I’m against ALL FORMS of direct and indirect animal killing for food, fun and sacrifice.

  2. Nanda Says:

    Are you sure “Dansal” give away meat ? I thought they were vegetarian food only.

    There is no “killing animal or fish” for Wesak.
    They don’t sell any meat specially for Wesak. But for Chirstmas, it is like “Christ- Mas”. Turkeys specially killed for “Christ- Mas”. Prawns specially killed for “Christ- Mas”. Pigs specially killed for “Christ- Mas”.

    People offering or eating meat is never tried to be contorlled by imposing rules by Buddha. Buddhism is not about “enforcement”. It is the only religion of “Freedom”. So, there is no need to impose any rules by government.
    But when the others ( Muslims ,specially) try to insult Buddhism by doing these deeds , some rules have been imposed.
    Do not measue Buddhism by observing Buddhists or monks. Just READ. Buddhism is not about doing good deeds and avoiding bad deeds. It does not end up there.
    You can’t seperate Tamil Nationisls and Jihadist. They too desrve compassion because they are doing this due to delusion. However, the governement, soldiers are not there to follow Buddhism. They are there to impose Law and Order.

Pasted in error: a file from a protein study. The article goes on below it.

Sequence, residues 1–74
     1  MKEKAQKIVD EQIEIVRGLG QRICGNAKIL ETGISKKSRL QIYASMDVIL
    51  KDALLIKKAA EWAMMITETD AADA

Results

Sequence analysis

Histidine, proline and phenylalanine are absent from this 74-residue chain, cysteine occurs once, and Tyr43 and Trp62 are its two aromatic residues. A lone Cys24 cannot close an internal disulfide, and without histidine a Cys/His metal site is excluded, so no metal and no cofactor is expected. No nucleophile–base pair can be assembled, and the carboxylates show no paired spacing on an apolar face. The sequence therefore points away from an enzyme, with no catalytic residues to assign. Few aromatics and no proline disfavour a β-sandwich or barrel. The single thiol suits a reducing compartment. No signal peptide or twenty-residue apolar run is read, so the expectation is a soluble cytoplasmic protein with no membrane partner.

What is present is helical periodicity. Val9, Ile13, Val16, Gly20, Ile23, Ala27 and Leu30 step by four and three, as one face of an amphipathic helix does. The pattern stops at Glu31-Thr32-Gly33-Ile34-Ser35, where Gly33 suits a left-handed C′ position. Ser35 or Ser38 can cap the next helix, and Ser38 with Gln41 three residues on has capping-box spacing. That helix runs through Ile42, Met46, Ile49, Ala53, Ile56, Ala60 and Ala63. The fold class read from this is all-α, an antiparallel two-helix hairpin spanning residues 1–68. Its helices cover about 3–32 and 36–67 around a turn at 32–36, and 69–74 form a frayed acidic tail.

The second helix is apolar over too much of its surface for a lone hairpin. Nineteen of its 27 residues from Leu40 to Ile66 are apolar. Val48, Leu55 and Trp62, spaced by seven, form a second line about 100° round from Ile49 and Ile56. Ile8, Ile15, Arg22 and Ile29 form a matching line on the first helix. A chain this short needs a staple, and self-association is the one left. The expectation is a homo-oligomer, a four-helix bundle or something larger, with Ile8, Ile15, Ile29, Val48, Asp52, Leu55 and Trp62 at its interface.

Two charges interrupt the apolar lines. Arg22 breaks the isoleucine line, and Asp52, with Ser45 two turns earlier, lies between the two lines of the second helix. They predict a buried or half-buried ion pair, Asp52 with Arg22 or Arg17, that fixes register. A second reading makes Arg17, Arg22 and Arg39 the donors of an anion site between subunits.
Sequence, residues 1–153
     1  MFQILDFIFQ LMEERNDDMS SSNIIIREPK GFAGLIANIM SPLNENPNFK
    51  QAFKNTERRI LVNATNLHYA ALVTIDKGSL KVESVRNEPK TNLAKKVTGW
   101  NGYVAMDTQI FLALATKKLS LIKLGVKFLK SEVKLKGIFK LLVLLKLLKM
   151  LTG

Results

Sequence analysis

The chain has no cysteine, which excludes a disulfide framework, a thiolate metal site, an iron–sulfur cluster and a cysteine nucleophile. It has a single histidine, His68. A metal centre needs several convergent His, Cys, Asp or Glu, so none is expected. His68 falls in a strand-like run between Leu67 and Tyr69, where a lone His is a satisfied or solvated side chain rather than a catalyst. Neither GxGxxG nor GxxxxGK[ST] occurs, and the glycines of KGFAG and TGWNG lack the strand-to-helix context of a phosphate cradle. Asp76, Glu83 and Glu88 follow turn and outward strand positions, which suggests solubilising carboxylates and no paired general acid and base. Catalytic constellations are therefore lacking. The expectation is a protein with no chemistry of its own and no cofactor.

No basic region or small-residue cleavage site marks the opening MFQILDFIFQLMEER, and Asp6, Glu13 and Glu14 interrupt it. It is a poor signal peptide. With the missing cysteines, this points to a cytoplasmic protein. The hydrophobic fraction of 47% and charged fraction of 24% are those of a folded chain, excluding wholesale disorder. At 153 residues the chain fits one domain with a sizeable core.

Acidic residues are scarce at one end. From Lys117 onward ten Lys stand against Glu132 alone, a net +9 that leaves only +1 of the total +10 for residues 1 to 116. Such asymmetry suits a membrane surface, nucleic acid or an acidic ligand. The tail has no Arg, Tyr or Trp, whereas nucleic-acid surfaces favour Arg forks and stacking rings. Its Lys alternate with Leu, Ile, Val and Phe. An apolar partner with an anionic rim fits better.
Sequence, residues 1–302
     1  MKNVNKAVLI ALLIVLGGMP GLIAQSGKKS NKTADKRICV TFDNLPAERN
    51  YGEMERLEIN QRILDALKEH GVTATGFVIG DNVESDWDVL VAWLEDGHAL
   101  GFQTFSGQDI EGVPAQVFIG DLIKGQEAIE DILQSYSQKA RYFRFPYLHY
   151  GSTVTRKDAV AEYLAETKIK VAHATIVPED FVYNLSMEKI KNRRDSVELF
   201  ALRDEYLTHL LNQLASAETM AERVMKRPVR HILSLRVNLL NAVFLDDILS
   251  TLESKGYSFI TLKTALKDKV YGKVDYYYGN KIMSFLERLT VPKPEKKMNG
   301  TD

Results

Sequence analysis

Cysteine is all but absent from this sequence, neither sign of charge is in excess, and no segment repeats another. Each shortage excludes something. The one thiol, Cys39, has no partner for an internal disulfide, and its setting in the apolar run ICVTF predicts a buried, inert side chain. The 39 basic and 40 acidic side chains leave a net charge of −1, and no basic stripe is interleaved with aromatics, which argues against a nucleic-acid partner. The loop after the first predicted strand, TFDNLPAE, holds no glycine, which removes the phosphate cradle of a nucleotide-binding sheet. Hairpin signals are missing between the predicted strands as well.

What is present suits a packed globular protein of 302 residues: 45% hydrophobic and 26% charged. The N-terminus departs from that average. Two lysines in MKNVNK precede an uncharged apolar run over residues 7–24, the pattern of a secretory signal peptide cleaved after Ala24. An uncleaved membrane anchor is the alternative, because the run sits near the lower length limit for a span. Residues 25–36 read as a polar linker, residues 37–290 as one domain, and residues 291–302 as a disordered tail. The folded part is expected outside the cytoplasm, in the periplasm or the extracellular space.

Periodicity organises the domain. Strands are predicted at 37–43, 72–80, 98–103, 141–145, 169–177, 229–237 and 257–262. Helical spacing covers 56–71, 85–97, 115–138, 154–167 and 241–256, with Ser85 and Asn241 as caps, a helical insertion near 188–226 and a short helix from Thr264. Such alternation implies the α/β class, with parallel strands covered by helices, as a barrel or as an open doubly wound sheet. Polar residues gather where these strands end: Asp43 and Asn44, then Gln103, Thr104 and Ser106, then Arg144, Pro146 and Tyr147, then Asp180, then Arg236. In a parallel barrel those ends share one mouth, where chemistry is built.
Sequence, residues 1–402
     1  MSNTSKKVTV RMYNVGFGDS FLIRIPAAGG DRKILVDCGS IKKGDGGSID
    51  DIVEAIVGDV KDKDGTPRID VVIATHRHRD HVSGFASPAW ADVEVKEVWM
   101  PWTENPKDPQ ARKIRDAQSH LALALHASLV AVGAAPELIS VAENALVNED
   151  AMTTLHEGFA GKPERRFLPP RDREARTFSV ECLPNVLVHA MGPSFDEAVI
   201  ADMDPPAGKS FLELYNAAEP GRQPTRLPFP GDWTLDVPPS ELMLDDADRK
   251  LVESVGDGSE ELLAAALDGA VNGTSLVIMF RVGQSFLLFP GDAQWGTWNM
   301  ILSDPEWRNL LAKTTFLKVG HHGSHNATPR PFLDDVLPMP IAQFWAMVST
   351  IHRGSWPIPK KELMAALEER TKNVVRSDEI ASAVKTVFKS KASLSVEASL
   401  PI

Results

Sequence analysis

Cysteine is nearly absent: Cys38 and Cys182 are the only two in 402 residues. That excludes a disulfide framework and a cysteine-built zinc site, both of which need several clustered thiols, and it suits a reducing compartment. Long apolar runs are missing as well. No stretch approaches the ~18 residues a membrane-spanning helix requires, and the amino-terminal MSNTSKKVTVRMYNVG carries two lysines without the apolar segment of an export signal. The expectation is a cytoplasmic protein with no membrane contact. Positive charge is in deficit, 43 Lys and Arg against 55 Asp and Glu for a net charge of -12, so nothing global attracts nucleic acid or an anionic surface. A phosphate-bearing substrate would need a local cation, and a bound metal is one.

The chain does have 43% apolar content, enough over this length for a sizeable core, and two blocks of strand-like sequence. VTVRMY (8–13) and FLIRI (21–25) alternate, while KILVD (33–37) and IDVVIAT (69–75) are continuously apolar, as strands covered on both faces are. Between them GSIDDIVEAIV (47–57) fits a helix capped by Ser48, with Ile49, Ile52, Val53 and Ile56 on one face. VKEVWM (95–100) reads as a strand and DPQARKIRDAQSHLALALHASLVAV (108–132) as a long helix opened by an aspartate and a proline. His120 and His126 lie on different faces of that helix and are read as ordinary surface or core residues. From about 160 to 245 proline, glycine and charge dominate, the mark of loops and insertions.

3. Nanda Says:

    When one monk asked Buddha to impose rule of vegetarianism, Buddha refused.
    Food is another form of satisfying senses and desire ( leaving aside real hunger). Spicy Tuna was to statisfy the desires of taste, even Kiribath is.
    If Buddha could impose a rule that not to eat al all, he could have done it ( same as celibacy). Satisfying greed, desire will have no end. This is what Maha Ranee doing.
    For lay people, only 5 precepts, even that is not forced. Five precepts will contorl the desires to a good extent , if you follow immaculately.
    For Monks, just the minimum requiremnts to live. Encouragement to reduce sensual desires gradually. Therefore you cannot blame your friend by serving “spicy tuna”. But you can blame him if he kills (even Tamils), steals, lies, F whoever he likes and takes intoxicans. It is not easy to keep 5 precepts even.

    Shenali was talking about organised , methodical , traditional and purposeful killing just for Religious celelbrations.

  4. mario_perera Says:

    I’m against ALL FORMS of direct and indirect animal killing for food, fun and sacrifice.- Lorenzo